If a good employee truly seems to be struggling in a certain area of learning, find out why. If they’re doing something wrong, it’s okay to point that out, but never do it in an accusatory way, e.g. You really screwed that up! Show them the more effective way or show them how you’d like something to be done. In general, employees want to do a good job and are open to solutions.
Recognize and Reward Good Work
Employee performance reviews are vitally important to keeping good employees.
They are opportunities to sit down and go into more detail about their performance—and if they’ve been taking you up on the provided training or mentorship, you’ll probably have a lot of genuine praise to give them.
Here’s the kicker—the information on an employee performance review should not be a surprise to the employee. It should really be a summary of the ongoing communication you’ve established along the way.
You’ve set out expectations and provided the means by which to fulfill them through training and development. They’ve either met those expectations or are working to accomplish them. An employee performance review also provides the time and place to provide constructive criticism. As we mentioned, there should be no surprises. The employee should already be aware of areas where there’s room for improvement. If you haven’t already, a performance review may provide more time for you and the employee to flesh out a more detailed course of action if needed.
On the flip side, an effective review gives the employee the chance to hold you accountable. Did you give them the tools they needed to do the job the best they could? Did you follow through on professional development promises? Have you helped them work through areas of difficulty? Did you communicate how much you value them individually as well as their contribution to your business?
If they’ve done a good job, then a performance review is also a time to reward them. Raise their hourly wage or salary—and don’t be shy about sharing how much they deserve it! If you’re able to document how much more business they’ve actually delivered (e.g. sales or repairs), consider giving them a bonus based on a percentage of that amount.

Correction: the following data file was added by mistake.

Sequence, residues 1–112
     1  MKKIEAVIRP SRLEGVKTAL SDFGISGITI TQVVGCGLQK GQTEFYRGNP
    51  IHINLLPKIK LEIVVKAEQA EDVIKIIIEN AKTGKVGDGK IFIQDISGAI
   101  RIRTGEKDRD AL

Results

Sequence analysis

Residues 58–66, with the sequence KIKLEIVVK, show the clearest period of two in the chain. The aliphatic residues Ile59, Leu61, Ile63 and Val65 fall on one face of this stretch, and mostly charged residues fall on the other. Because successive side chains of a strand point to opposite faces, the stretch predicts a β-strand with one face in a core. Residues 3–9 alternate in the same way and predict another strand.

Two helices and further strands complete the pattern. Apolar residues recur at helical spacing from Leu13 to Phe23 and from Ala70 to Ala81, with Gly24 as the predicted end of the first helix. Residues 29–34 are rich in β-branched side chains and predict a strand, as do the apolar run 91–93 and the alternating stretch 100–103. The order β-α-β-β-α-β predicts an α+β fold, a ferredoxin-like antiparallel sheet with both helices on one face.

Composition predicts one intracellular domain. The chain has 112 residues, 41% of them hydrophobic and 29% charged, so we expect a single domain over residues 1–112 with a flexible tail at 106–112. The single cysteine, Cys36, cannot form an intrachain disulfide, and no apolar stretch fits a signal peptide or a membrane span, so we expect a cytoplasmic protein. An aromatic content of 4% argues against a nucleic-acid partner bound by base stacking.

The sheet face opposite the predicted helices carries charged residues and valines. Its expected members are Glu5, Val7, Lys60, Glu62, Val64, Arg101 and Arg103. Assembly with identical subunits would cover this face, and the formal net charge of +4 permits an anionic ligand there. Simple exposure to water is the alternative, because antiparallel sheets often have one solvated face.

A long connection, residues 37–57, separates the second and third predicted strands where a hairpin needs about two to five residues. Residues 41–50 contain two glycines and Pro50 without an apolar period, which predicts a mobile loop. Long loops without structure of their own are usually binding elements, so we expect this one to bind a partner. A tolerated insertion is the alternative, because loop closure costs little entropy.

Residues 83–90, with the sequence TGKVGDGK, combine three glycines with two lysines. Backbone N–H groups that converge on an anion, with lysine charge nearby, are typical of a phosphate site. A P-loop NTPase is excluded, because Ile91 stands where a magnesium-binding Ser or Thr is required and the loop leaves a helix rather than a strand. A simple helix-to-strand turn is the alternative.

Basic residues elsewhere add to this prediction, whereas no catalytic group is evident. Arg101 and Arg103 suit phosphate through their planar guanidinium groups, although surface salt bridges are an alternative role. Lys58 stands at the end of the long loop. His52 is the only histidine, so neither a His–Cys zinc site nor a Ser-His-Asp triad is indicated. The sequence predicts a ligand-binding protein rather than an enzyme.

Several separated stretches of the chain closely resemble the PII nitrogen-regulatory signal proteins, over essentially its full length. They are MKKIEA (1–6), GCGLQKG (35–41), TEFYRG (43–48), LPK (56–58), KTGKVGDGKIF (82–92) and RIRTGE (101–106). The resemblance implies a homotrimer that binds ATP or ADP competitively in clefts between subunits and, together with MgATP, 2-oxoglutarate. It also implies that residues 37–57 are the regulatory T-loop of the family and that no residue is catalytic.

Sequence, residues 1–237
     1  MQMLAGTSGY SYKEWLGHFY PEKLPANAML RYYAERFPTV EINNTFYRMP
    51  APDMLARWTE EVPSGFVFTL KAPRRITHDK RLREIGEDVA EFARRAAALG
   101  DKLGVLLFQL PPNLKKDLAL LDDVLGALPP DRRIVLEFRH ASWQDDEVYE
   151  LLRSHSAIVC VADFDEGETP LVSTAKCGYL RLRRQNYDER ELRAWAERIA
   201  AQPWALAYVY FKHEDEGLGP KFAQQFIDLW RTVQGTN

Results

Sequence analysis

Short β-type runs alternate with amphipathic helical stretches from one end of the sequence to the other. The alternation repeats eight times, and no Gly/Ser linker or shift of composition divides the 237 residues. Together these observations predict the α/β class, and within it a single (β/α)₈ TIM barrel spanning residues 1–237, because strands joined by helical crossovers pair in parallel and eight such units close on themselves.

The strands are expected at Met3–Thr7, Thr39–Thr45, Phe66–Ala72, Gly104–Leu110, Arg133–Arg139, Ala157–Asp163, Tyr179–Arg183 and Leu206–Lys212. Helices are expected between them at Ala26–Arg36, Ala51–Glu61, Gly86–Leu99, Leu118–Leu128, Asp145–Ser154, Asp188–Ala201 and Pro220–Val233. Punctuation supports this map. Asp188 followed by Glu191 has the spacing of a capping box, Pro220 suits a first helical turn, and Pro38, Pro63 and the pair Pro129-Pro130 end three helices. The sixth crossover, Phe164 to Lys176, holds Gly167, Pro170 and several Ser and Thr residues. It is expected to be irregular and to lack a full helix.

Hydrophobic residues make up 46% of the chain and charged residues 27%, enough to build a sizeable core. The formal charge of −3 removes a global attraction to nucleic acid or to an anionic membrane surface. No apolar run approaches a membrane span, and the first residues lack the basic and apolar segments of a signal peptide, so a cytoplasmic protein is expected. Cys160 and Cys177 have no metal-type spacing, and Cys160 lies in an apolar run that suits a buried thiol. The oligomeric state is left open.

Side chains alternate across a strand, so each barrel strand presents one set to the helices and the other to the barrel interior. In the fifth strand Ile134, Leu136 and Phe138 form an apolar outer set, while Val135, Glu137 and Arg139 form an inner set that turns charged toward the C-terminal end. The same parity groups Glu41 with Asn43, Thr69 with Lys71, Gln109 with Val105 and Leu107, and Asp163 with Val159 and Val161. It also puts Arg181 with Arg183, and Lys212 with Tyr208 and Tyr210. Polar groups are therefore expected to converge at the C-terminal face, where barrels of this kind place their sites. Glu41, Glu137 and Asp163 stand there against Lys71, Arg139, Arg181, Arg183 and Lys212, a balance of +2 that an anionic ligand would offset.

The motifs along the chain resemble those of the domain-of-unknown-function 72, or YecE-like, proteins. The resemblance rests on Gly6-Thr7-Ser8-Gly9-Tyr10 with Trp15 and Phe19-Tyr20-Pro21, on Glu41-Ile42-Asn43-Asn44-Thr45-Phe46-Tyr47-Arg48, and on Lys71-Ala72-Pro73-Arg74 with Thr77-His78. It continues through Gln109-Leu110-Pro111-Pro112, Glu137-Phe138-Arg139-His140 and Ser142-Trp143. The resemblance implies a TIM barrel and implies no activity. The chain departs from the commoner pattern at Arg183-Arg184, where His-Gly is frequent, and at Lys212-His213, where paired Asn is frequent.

Burn Ye Not Any Bridges
Employees move on. That is the nature of business. At the end of the day, people must decide what’s best for themselves when it comes to employment. While you may be a great employer, another opportunity may be more in line with their career objectives. Or perhaps they enjoyed their job but believe something else will better fuel their passion or interests.
Whatever the reason, if they leave respectfully, they deserve respect in return. There’s always a chance that a new employment opportunity will not work out for them. They may want their old job back. If you haven’t replaced them yet, no harm no foul—provided you didn’t read them the riot act when they gave notice.
Also, if you really liked that employee, ask them for a referral. Good people often have good contacts. Maybe they know a friend of family member who would be interested in filling the position they’re leaving. Knowing their reputation and legacy is on the line, there’s a good chance they will recommend someone of quality character who may also become a valuable employee.
The music business is very much a business. Keeping good employees employed takes effort and investment on your part, but the benefit to the bottom line as well as your peace of mind can pay dividends for the life your business!